Friday, 6 January 2012
I nod, the jumper is just like the uniform of the primary school we visited yesterday. Tijm is ready.
Now we have make a choice, the incomprehensible English school system is slowly starting to unravel. Not that there is much choice. Well, there are public schools, off course. That is, if your four year old passes the entrance exam and you manage to get together over eleven thousand pounds, per child, per year. Not a choice everyone can make. Still, there are plenty, that forego holidays, get a smaller house, just to improve their child’s chance on a good university and therefore job. Even in the twenty-first century. But still. A friend, after a tour of our local public school, highly impressed, sighed, how all reception children sat, in utter silence, working at their desks. Learning to read and write at four years old. My stunned ‘No way,’ was misunderstood. ‘Yes, isn’t it great!’ was my reply. Academically these schools are more than excellent. Yet their rigid, girl-less, environment does not seem right for my lively boy.
State schools vary from outstanding, good and satisfactory to inadequate. Even though here, as well, learning starts at four, a frightening percentage leaves school without knowing how to write. Deep fried food is served. Admission is based on distance, in meters, to the school. Which means you decide when you sign the lease for your house. Something we, as foreigners, obviously did not realise. Luckily our well-off commuters town is known for it’s excellent schools. But, due to a recent babyboom, the schools are bursting at their seams. The mothers are stressed. Who lives a meter outside the catchment area is banned to an unpopular school on the outskirts of town.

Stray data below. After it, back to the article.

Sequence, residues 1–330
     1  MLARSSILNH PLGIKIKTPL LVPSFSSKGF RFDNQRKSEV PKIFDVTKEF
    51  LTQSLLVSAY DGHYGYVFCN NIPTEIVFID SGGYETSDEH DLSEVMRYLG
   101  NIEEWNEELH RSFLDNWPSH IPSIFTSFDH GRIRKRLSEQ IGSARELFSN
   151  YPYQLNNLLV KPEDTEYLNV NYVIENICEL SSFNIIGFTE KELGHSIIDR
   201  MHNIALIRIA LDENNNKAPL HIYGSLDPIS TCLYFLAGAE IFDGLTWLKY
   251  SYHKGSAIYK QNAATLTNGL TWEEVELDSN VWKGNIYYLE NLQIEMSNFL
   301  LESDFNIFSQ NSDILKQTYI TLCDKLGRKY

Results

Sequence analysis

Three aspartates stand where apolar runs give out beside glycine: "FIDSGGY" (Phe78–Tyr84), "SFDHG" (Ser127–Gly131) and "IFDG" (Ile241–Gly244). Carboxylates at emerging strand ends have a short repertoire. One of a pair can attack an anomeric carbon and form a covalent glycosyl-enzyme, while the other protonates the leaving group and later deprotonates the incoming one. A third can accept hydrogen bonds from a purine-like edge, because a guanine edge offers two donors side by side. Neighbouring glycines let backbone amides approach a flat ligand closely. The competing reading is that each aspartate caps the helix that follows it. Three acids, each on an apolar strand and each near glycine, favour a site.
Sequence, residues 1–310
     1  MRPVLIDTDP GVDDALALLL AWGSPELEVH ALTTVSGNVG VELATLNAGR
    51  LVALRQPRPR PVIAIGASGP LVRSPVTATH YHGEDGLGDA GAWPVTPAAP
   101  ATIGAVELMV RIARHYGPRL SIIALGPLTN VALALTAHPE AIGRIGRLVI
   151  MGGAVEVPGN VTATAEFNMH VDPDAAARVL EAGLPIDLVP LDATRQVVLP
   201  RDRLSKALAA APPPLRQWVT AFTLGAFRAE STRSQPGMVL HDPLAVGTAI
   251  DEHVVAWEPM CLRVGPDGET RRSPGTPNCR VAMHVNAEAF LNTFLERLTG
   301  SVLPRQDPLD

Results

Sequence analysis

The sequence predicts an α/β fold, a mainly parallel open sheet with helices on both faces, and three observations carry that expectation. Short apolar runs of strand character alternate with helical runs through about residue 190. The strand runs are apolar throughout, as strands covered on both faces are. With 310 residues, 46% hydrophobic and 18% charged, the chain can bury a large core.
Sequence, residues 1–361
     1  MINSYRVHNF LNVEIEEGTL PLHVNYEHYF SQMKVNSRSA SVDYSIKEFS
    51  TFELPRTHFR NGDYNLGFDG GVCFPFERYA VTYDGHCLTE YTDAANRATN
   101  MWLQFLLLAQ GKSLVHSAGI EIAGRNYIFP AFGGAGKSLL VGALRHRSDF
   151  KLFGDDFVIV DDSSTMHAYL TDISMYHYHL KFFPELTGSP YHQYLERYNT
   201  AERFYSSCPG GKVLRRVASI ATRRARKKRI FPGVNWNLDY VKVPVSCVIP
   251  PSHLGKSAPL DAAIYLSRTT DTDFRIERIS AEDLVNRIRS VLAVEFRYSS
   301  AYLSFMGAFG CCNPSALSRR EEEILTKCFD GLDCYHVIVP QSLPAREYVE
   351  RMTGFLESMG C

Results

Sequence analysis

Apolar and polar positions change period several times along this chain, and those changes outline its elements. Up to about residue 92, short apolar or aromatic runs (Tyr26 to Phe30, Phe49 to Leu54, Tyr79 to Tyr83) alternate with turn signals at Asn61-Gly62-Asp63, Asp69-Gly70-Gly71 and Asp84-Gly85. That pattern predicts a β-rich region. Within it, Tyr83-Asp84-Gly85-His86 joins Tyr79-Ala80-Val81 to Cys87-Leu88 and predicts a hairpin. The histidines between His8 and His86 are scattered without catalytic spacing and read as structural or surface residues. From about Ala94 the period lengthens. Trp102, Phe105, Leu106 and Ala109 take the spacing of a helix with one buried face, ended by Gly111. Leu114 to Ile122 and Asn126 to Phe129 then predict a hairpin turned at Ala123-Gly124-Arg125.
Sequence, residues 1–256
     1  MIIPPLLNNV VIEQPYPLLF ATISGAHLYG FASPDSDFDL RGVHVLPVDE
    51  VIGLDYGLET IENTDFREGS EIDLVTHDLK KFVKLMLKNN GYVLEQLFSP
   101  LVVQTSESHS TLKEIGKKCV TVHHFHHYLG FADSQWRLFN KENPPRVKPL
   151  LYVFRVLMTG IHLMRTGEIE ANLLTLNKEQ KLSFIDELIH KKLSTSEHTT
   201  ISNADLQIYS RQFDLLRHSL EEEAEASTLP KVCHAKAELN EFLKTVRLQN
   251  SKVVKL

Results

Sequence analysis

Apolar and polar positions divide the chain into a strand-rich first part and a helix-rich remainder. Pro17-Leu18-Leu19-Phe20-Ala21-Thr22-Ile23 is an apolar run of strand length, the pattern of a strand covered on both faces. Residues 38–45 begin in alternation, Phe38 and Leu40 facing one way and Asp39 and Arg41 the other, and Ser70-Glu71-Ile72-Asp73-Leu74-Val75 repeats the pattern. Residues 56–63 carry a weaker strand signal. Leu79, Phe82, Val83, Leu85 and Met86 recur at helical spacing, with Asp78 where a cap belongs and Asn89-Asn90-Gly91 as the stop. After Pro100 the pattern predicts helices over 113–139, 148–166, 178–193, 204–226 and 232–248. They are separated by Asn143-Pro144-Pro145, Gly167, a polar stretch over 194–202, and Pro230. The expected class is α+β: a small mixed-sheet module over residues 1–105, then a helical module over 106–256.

The choice of school is a Very Important Matter. The mothers talk of little else. All schools are visited, reports studied, chances weighed. Good strategy is required. Which school will be number one on your list? Which second and third?